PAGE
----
The Innovation Mindset in Action: Shantha Ragunathan
August 1, 2013 Editor 0
This January, we met Shantha Ragunathan, an illiterate woman from Kodapattinam, a remote village in Tamil Nadu, India. Her story is at once heartbreaking and inspiring, showing that game changers can come from all walks of life, all over the world.
At six, Shantha lost her parents. By her twenties, she was stuck in a seemingly dark pit without a glimmer of hope: with two children and little financial support from her husband, she could not afford even one square meal a day. Although she was poor in resources, she possessed the innovation mindset shared by many game changers: they see and act on opportunities, use “and” thinking to resolve tough dilemmas and break through compromises, and employ their resourcefulness to power through obstacles. Innovators maintain a laser focus on outcomes, avoid getting caught in the activity trap, and proactively “expand the pie” to make an impact. Regardless of where they start, innovators persist till they successfully change the game.
Hopeless as her situation was, Shantha engaged in “and” thinking. She imagined a future when her family would be out of poverty AND her kids would start their adult life educated. Unimaginable as it may seem, she had no real-life role models in her village for this dream. Some of her neighbors had given up all hope and fallen into alcoholism; others exploited their kids with child labor to earn money; still others sacrificed their entire lives in an attempt to get their children out of the vicious circle of poverty—with few successes, despite their sacrifices and heroic efforts.
Shantha’s “and” thinking powered her dream and kept her alert to opportunities. When Ms. Sasikala, a Block Development Officer (BDO), talked to the Kodapattinam villagers about microfinance, only Shantha, of all the villagers, saw the opportunity and took action.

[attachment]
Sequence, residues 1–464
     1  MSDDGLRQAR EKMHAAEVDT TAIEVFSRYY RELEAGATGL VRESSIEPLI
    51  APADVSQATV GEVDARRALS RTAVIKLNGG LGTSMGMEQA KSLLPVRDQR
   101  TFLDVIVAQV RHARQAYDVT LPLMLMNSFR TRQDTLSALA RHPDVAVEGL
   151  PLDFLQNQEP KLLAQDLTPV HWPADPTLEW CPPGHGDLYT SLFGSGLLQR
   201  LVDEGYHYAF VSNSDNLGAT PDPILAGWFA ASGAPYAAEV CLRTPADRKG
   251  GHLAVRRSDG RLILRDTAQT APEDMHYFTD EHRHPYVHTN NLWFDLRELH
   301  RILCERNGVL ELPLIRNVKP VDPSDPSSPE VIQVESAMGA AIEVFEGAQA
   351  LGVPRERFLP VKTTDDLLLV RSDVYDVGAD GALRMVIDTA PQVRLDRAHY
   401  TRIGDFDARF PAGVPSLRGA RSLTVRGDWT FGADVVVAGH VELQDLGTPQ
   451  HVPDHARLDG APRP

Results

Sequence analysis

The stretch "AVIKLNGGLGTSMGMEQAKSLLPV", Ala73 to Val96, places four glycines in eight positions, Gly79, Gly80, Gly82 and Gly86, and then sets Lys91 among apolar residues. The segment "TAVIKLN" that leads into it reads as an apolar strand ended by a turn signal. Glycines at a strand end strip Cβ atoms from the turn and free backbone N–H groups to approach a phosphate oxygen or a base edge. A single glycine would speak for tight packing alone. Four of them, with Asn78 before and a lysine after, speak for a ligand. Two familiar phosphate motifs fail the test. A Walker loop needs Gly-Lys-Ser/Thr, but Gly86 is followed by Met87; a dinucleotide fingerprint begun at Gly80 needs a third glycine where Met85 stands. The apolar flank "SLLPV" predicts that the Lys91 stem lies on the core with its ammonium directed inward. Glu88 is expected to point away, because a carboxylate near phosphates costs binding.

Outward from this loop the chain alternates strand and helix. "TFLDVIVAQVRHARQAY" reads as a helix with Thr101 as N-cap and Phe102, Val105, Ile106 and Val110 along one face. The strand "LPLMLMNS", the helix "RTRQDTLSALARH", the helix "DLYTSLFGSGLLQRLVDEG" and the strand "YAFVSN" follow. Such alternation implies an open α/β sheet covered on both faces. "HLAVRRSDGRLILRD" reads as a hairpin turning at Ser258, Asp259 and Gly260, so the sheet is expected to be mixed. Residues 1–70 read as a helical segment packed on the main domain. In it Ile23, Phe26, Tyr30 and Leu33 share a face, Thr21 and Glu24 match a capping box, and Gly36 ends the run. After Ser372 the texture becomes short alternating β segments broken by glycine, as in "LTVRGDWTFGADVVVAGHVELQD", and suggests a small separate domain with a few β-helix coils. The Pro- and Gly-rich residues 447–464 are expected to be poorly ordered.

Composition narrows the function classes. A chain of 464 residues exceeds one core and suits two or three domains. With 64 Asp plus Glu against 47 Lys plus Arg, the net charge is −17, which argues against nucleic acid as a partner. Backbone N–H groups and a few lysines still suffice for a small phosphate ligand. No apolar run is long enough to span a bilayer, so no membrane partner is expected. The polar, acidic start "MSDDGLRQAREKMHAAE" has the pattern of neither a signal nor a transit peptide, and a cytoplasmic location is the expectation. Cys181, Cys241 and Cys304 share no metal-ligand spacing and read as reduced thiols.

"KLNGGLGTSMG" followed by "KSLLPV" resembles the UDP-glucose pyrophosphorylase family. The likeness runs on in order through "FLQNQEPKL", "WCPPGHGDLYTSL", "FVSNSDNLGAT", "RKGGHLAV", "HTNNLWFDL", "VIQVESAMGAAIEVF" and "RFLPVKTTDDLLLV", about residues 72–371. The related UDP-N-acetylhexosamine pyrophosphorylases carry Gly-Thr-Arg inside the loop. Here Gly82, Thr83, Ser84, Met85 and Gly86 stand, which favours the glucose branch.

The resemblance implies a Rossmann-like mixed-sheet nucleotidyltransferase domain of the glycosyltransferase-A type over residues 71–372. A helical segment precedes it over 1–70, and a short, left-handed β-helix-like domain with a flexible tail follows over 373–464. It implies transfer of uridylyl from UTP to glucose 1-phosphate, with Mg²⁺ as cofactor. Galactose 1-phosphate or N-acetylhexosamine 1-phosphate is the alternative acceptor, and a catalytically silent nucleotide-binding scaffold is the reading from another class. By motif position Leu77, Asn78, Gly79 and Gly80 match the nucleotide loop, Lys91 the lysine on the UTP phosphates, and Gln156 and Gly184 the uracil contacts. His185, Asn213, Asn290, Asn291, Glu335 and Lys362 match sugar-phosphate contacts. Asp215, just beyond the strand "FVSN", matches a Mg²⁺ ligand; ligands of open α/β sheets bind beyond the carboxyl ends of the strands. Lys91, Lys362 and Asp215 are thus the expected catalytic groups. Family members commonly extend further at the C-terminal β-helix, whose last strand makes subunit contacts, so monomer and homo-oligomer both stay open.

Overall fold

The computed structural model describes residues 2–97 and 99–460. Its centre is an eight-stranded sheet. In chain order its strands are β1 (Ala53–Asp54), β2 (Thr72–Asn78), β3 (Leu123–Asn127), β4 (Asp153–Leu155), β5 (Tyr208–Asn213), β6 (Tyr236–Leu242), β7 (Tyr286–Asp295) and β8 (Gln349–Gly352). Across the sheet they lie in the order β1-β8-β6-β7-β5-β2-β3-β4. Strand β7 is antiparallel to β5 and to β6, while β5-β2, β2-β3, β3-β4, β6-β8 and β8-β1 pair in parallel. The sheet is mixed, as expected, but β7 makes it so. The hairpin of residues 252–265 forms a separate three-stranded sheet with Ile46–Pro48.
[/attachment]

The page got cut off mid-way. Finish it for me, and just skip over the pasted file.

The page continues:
To participate in a microfinance campaign, the village had to form a Self Help Group (SHG) of about 20 people, with each member contributing a certain amount of money every month. To keep the math simple, let’s say $10 (although in this case the currency was Indian rupees): 20 people x $10 each = $200. The bank (in this case Indian Bank) would then loan a matching amount, bringing the available funds to $400. Any member of the SHG, either individually or as a team, could pitch a proposal to use the available funds to a microfinancing committee of bank officials and village elders.
For example, a member could propose to use the money to buy an income-producing asset, such as a cow. Selling the cow’s milk would create an income stream, a portion of which would repay the loan; the remainder would lift the cow-owning entrepreneur out of poverty. The microfinancing committee decided which proposal to fund each month, giving out $400 month for approved proposals: $200 from the SHG contributors and $200 in matching loans from the bank.
While most folks who heard the Block Development Officer’s presentation thought that microfinance was too much work and gave up, or froze into inaction not knowing what to do, Shantha’s resourcefulness kicked into high gear. She went door to door, pleading and pitching. In her own words, “I had to go back over 50 times knocking on the same door because they wouldn’t trust me enough to even give ten rupees [about 20 cents]. I talked to them about how we can work together to solve our problems.” Undeterred, Shantha persisted until she persuaded the required number of people to sign up for the microfinance project.